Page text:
When we were on The West Wing together, Jenna Malone and I sent an enormous Valentine bouquet of roses from Brad [Whitford] to Jimmy Smits, who had recently joined the show, along with a suggestively romantic note from Brad to Jimmy that we’d written on engraved stationary I’d stolen from Brad’s trailer. We had it delivered to Jimmy on set and Brad knew instantly that I was involved. Jimmy really didn’t know what was going on. It was very awkward and Jimmy wanted to make it immediately clear to Brad that he was heterosexual. I think he said, “I got your bouquet. It’s nicer than the one I got my girl.” Six months later, I came into the makeup trailer and Jimmy was there and I told him what had happened. He was like, “You did that?” I went to shake his hand and he would not shake it, he was so mad.
And he avenged himself?
Ellen DeGeneres did a full-cast episode when West Wing was going off the air and, at the end of the show, she presented us with cakes with our characters’ faces on them. I saw Jimmy lean over to Richard Schiff and say, “I’ll give you $5,000 to smash that cake in Josh’s face.” I literally sprinted off the set in the other direction but they caught me and shoved the cake in my face. I believe that $5,000 went to somebody’s favorite charity. In the olden days, when we used such things as iPods, I erased all of the music from the iPod of one of The West Wing’s directors. At the same time, I changed his iPod’s language setting to Mandarin Chinese, which makes it very hard to get back to English unless you know Mandarin. In response, I was turning a corner on the set and he hosed me down with a fire extinguisher. I was like, “Let me just talk you through the difference between a prank and an assault. This is assault.”
How far back does your pranking go?
Before we were on The West Wing together, Bradley Whitford and I were in A Few Good Men on Broadway in 1989 and 1990. When Clark Gregg was in the show, he played the very sharp prosecuting attorney, and we would often fill the briefcase and files he used on stage with pornography. Surprise! Since then, Brad has tried to get me into the Emmy ‘In Memorium’ reel. Unfortunately for him, my relative lack of accomplishment makes it harder because he not only has to convince them that I’m dead; he also has to convince them that I’m worthy.
Has there ever been serious blowback?
I was spoken to by a couple of Scandal producers at one point. I might have abused someone’s ability to send emails from one person to another. That got me in hot water. I got called to speak to these two producers. I could tell it was more serious than their asking me in for coffee. I got a stern warning. Having been sternly warned, I thought, “I’ll take a break for awhile.” That means going back to putting sunscreen on the inside of Katie Lowes’ door handles.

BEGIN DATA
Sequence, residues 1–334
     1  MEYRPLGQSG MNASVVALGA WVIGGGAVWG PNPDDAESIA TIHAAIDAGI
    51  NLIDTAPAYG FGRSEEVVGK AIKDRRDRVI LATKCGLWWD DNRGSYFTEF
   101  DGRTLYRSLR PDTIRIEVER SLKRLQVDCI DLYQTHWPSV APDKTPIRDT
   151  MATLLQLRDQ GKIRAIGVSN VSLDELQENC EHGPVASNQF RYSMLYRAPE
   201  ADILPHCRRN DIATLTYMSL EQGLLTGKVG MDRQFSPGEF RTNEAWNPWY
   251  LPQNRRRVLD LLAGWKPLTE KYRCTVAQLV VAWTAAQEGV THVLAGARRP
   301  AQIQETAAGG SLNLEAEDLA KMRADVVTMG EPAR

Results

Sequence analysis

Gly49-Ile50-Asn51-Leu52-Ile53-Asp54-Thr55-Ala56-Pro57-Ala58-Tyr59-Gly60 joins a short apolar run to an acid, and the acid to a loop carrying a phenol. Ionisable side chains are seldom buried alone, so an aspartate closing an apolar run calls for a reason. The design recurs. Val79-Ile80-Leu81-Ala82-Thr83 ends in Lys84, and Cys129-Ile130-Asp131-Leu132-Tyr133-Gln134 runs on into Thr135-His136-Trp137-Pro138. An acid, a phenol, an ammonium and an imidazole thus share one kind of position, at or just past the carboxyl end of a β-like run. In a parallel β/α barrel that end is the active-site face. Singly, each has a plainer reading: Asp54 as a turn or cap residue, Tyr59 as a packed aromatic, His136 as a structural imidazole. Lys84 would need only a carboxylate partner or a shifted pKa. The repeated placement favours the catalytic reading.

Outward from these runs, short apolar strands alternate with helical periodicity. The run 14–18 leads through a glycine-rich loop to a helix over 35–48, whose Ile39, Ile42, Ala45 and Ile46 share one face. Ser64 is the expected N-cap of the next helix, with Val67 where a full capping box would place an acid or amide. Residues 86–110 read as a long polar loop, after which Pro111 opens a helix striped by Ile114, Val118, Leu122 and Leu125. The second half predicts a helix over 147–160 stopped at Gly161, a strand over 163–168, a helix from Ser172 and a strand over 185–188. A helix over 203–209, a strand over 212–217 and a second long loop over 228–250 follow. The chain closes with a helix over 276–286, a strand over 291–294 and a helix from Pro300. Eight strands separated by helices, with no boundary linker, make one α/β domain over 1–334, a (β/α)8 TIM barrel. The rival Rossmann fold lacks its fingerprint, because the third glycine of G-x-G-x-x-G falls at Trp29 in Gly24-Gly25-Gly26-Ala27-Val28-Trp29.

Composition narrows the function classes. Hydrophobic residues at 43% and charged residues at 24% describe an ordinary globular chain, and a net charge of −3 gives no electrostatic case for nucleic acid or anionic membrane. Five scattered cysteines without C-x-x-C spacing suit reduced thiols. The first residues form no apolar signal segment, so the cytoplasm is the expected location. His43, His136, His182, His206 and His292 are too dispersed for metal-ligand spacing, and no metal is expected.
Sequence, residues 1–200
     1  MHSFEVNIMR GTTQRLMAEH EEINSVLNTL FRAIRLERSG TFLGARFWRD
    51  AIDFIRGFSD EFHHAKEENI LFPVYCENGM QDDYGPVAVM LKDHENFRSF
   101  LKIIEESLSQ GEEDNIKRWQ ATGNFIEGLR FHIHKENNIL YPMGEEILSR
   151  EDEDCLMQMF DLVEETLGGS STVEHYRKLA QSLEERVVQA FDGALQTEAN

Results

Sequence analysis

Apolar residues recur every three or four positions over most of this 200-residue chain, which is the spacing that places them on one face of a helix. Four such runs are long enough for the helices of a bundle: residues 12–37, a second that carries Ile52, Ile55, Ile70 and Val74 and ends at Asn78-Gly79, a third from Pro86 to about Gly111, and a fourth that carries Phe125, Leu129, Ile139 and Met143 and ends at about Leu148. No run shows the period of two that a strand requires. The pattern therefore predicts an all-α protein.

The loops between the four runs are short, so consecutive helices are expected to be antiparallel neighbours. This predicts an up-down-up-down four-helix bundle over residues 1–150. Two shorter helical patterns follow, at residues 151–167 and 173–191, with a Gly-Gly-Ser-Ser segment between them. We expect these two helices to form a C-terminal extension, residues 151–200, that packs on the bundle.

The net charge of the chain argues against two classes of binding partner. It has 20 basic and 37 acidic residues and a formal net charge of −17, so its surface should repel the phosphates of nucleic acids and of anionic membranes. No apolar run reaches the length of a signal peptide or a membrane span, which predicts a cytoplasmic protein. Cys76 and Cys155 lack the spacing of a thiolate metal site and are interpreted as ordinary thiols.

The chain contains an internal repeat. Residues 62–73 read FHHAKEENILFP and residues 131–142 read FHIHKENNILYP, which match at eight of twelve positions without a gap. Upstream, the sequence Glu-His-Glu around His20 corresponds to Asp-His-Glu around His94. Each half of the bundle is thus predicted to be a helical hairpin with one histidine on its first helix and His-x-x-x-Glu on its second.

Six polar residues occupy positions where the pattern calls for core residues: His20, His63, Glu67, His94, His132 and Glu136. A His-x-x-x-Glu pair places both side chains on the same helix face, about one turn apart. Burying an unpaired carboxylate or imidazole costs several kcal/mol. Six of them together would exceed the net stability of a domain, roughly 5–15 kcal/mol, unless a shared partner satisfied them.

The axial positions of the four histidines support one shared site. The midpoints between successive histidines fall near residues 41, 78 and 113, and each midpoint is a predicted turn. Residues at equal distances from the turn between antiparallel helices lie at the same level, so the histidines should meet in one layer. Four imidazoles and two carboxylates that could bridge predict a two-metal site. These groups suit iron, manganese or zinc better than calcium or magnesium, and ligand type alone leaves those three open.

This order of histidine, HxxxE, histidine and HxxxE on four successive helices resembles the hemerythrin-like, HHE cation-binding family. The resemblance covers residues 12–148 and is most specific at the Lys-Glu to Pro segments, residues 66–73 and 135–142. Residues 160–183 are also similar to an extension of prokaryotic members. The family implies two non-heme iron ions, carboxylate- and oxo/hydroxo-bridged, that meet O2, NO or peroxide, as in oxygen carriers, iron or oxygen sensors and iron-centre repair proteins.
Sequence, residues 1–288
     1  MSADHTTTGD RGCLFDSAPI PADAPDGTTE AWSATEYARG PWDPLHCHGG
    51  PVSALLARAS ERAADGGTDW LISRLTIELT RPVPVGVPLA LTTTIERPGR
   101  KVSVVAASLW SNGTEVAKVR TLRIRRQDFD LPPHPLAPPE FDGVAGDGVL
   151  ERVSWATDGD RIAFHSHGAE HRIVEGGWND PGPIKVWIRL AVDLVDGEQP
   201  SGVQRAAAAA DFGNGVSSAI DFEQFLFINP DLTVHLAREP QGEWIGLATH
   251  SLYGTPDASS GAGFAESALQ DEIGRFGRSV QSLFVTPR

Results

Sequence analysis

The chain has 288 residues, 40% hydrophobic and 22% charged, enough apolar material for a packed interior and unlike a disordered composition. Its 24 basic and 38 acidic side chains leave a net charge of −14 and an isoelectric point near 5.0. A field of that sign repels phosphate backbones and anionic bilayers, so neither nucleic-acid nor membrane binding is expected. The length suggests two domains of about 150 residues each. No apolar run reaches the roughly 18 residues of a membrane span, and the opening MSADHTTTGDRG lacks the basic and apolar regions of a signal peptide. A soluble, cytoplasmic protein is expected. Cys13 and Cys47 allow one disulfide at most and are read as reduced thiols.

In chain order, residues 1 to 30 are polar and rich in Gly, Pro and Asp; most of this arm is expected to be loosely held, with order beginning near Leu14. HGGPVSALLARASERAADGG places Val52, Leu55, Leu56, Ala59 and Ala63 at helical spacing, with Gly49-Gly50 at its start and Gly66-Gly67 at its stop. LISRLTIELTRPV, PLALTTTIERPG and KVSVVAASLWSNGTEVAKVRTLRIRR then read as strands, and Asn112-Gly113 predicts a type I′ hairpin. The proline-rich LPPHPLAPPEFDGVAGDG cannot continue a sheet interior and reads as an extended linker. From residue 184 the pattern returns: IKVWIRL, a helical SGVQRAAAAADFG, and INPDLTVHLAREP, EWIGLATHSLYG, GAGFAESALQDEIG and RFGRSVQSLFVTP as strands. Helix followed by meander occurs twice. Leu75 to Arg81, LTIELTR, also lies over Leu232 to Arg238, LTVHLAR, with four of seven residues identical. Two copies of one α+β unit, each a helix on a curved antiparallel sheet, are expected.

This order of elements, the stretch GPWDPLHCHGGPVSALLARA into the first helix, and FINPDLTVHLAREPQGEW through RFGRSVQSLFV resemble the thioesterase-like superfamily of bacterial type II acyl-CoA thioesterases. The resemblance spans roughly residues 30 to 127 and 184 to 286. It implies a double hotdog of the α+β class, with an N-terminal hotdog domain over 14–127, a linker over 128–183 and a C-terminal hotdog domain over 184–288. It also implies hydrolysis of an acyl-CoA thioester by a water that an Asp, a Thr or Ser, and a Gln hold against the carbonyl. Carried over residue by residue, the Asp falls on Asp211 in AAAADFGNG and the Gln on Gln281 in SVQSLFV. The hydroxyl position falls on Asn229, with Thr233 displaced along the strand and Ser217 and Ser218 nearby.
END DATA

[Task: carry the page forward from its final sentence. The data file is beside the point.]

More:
You demonstrate a rapier wit on Twitter. Any tips for anyone looking to up his or her Twitter game?
Lower the bar. Don’t care too much about what people think of you. Dare to offend. Invite their scorn. Be candid. People think that saying what you really mean with jaw-dropping candor is kidding. Actually, at times, no – I really do mean that.
What are some of your favorite personal slams on the internet?
People will write horrible things about me — usually that I’m hideous. There’s a certain amphibious quality to my appearance that I’m very comfortable with. I look like a creature who might survive equally well on land or at sea. I’ll write back, “You’re right. I’m not handsome,” or “You’re right, maybe I’m not that good.” And there’s the love/hate thing among Scandal fans where one of the recurring themes is how few scenes I have. They see this as a way to mock me, which prompts me to say, “You do understand I get paid the same amount no matter how much or how little I have to do on the show?” I love Scandal fans, even when they hate me, because they’re obviously still watching the show and they’re helping send my kids to college and keeping me employed. I’ve reached a certain age. I’m employed – hey, come at me. I don’t take it too seriously.
Did recently turning 50 this month rock your world?
I always try to get a month’s worth of celebration out of my birthday. My wife calls it “Joshuary.” But I was at a store with my wife the day after my birthday and started to feel chest pain. I was like, “I’m 50 now. So I’m actually having a heart attack.” I’ve been exercising more by buying a Peloton bike. I really like it.
Those are the indoor home bikes with their own computer screens and on-demand cycling classes?
Right. And I’m very excited because Tony Goldwyn is considering getting one, too, which means that soon I could be taking remote spin classes while watching Tony sweat like mad taking the same class. Very exciting, right?